Eyesore attacked by landscaping volunteers
Lena Whitson, left, cleans out a hole while April Rainey cuts a space for another planting.
By STEVE KADEL Western News Reporter
An army of volunteers attacked the previously uninspired Flower Creek streamside near Rosauers on Saturday and began turning it into a native plant showcase.
The assault actually was launched a year ago when weed spraying began.
"It was a knapweed-infested eyesore," said Vicki Lawrence, who spearheaded the effort.
By Saturday evening, several species had been planted along the creek and a section of U.S. Highway 2 frontage. Woodchip mulch from Stimson's was spread along the corridor, giving the area a fresh new look.
Libby Revitalization Inc. is sponsoring the project. Funding for the first phase came from an $850 grant from the Montana Native Plant Society.
It was the group's only grant this year, said Jon Reny, a member of the society's Small Grants Committee. Nineteen other projects vied for the money.
Lawrence said spirea, mock orange, juniper, wild rose, potentilla, snowberry and serviceberry are among the hardy native plants to be included.
"We wanted plants that will survive in a non-irrigated setting," Lawrence said. "These are all drought tolerant."
She estimates watering will be needed during the first couple of years, but the plants will be on their own after that.
Financial contributions for the effort also have been received from the state Department of Natural Resources and Conservation, the Jason Rosauers estate, and Thrivent Financial for Lutherans.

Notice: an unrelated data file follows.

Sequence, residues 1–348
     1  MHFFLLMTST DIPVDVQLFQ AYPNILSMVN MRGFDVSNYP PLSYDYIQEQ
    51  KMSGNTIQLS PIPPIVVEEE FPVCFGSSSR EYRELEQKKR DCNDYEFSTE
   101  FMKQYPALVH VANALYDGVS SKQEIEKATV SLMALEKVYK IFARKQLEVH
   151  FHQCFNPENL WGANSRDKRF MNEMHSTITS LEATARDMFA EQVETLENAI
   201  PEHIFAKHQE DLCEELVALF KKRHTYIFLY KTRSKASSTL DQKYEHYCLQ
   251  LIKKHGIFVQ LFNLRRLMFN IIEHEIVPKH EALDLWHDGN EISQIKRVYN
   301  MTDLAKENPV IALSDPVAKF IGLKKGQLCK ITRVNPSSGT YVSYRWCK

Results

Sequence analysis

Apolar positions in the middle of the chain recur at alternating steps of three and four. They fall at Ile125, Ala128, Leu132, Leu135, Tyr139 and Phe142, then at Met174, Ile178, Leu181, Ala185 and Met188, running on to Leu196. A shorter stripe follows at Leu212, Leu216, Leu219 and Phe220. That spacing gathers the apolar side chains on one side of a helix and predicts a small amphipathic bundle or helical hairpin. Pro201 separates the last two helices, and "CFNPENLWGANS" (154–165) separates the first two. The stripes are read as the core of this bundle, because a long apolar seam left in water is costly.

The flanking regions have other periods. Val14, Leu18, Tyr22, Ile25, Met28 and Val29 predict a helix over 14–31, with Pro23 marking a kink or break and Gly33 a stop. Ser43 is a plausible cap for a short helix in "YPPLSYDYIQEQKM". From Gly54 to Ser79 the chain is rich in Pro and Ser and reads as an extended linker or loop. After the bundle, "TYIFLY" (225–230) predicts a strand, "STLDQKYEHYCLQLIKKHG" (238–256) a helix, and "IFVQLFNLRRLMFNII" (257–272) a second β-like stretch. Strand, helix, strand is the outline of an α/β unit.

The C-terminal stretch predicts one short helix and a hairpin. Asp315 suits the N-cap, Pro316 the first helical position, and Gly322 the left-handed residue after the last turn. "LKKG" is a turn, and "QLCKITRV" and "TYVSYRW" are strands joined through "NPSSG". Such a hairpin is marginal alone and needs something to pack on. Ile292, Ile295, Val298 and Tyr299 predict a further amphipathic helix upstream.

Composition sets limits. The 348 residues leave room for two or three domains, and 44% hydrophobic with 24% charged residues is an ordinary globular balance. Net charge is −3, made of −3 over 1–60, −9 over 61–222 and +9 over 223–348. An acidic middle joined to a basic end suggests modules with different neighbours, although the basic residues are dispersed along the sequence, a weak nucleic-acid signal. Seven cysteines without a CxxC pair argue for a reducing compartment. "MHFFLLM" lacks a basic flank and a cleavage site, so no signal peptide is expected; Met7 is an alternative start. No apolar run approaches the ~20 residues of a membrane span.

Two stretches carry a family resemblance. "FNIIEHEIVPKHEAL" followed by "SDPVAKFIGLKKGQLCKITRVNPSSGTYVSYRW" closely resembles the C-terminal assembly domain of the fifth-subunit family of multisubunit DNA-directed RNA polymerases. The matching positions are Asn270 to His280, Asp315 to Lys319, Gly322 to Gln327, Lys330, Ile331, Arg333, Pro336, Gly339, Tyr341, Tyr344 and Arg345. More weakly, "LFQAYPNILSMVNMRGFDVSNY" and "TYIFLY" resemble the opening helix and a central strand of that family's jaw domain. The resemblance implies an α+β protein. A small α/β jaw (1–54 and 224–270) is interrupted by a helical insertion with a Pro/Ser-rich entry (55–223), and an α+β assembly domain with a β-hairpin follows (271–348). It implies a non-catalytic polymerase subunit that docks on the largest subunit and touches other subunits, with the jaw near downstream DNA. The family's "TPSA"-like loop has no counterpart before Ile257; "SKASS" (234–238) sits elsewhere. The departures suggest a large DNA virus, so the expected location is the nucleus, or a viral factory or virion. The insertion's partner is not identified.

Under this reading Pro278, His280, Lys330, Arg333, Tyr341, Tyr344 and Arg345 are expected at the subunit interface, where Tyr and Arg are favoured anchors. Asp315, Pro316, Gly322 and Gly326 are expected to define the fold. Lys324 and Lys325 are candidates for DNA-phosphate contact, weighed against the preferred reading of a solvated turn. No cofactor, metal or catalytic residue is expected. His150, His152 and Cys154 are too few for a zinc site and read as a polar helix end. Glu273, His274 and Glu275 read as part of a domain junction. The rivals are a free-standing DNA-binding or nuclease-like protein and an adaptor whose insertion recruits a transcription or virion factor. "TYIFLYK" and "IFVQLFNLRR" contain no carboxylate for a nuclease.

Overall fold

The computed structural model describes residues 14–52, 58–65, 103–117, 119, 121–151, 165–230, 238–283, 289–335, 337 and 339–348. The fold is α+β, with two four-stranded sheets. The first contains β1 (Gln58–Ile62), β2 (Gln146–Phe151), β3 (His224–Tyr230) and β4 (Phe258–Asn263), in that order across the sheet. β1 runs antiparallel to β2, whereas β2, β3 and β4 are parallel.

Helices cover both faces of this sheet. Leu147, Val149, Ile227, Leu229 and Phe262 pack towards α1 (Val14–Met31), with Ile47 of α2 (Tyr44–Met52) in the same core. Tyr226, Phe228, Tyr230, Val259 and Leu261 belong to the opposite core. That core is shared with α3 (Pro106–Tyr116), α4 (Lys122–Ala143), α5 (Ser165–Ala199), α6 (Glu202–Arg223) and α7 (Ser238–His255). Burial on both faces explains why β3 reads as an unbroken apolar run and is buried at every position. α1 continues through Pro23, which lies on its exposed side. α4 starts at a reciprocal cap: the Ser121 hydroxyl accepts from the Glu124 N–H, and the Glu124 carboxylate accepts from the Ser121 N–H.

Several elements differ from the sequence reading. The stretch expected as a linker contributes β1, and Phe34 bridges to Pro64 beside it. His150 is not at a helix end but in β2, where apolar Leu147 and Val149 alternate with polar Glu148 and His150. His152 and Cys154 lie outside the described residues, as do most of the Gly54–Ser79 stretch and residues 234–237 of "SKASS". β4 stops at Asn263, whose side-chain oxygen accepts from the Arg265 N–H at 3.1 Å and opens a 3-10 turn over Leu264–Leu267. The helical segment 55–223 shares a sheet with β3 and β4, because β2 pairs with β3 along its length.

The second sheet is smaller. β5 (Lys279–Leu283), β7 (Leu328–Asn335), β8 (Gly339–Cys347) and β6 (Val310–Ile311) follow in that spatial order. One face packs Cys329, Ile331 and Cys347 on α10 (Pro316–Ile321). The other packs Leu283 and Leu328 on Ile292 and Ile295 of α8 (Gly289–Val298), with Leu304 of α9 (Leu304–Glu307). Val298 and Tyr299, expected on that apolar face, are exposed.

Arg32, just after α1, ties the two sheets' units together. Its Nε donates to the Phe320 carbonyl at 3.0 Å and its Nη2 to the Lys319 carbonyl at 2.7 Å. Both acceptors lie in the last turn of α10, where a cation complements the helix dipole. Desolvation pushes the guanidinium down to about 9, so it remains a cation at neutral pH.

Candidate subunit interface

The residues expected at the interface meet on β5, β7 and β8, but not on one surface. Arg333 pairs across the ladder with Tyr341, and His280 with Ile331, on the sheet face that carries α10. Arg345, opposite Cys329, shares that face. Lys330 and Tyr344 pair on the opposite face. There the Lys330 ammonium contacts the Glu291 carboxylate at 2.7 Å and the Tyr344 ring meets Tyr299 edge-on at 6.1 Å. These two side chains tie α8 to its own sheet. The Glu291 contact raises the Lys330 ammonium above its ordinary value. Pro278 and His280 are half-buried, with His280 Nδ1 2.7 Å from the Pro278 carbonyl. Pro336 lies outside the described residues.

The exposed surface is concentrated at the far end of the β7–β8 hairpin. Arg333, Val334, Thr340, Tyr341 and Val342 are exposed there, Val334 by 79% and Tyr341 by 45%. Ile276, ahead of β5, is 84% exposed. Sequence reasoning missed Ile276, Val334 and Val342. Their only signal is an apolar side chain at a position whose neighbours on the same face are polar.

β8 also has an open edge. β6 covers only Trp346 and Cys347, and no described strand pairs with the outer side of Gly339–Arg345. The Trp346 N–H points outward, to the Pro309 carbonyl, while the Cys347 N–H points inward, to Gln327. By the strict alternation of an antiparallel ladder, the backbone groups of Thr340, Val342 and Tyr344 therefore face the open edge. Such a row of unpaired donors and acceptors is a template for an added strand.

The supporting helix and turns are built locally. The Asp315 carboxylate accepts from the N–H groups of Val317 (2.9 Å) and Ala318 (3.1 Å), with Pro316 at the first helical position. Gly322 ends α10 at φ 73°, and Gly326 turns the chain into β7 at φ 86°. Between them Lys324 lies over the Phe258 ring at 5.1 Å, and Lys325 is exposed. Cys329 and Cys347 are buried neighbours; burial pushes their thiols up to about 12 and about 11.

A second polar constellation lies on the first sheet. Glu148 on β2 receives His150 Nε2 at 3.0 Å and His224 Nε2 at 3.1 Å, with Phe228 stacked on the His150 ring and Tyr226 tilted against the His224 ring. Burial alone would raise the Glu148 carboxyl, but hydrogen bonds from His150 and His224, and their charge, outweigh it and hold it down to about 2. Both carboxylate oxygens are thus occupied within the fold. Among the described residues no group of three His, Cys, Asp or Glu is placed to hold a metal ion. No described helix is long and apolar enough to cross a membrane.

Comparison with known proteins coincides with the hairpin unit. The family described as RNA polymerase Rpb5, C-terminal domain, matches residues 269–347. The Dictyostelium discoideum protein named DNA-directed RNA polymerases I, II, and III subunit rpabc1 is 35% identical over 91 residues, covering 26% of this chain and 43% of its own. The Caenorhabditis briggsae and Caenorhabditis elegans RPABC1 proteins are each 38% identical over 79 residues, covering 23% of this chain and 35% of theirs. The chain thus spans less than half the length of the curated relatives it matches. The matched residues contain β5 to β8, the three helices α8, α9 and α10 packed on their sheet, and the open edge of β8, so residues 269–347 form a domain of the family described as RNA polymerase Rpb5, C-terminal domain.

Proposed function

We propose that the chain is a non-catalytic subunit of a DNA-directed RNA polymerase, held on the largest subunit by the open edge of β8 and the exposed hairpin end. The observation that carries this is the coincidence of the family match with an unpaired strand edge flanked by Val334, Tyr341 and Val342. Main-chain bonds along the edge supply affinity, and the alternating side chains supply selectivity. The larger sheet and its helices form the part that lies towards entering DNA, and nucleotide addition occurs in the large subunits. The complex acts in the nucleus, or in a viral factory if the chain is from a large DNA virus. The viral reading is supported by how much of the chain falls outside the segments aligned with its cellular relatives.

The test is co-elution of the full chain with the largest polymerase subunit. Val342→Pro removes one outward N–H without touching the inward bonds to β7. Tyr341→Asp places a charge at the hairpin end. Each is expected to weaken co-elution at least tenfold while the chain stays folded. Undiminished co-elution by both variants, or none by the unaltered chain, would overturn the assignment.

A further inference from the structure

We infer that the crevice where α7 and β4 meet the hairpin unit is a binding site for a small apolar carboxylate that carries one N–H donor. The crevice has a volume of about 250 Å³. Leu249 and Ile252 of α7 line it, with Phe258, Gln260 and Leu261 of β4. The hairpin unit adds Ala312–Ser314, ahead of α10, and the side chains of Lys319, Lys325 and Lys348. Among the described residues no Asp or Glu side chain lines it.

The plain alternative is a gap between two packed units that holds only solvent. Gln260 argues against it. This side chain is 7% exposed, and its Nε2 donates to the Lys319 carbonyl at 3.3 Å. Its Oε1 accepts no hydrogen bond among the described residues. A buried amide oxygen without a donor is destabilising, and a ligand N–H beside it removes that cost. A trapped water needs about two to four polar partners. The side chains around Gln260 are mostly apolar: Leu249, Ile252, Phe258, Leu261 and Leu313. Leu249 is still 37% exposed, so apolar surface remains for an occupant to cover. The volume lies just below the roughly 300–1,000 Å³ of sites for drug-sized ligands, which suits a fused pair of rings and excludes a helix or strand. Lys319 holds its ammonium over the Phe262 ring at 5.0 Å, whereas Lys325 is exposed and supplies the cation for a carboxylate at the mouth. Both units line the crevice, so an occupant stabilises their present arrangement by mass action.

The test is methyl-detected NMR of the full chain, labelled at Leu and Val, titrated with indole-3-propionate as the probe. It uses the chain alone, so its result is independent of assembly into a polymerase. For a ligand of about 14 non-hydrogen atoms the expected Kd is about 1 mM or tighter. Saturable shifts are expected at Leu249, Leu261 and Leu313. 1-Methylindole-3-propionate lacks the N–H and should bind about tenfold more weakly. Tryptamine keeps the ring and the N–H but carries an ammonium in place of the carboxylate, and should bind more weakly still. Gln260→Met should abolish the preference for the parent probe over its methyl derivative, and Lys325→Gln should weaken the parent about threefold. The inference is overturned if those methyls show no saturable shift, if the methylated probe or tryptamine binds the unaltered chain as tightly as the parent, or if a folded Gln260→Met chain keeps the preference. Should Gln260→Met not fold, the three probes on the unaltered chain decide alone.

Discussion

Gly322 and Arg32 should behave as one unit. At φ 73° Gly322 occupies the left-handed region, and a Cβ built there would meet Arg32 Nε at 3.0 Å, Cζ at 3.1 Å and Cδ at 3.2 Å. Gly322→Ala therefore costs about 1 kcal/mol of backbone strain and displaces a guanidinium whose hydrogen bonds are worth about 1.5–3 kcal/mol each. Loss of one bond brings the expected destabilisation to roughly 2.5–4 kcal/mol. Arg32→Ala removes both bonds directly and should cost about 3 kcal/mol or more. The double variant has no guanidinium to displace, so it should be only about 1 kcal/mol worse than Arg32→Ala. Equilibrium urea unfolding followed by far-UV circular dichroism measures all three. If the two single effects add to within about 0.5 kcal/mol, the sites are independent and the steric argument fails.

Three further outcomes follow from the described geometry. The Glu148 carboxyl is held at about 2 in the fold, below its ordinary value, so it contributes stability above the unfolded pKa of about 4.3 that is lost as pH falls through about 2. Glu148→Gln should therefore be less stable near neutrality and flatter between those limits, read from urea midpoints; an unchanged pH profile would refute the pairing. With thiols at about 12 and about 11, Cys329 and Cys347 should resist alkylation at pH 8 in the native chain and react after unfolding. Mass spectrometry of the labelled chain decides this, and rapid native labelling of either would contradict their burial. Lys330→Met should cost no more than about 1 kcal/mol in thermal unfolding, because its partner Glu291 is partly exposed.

City of Libby personnel spent a day and a half preparing holes for shrubs to be planted in.
That followed clean-up work in the area by Boy
Scout Troop 70 and the Master Gardeners class at Lincoln County Campus of Flathead Valley Community College.
Libby High School biology students planted dogwood cuttings on both sides of the creek last week.
Betty Jo Wood of Libby Revitalization credited Lawrence with getting the project rolling.
"She came to me and said 'how about it?' It's all grant-funded, and it's a labor of love," Wood said.
Children and adults labored side-by-side during the weekend. Nicole Shaw ferried wheelbarrow loads of woodchips to those raking mulch. When she tipped the wheelbarrow up to unload, it stood nearly as tall as she did.
April Rainey of Libby worked contently by herself, carefully placing plants in the pre-dug holes and smoothing soil around their base. She was in her gardening element wearing black lace-up boots, a flowing cotton skirt and straw hat.
The two-dozen volunteers started at 8 a.m. Saturday and were ready for a hot dog and soft drink break at noon. Several walked down the stream bank to wash their hands in Flower Creek, and sprinkle some cooling water on their faces.
Kathy Sauby leaned on the rake she had been using to spread mulch and smiled at the morning's progress.
"This is going to be wonderful," she said.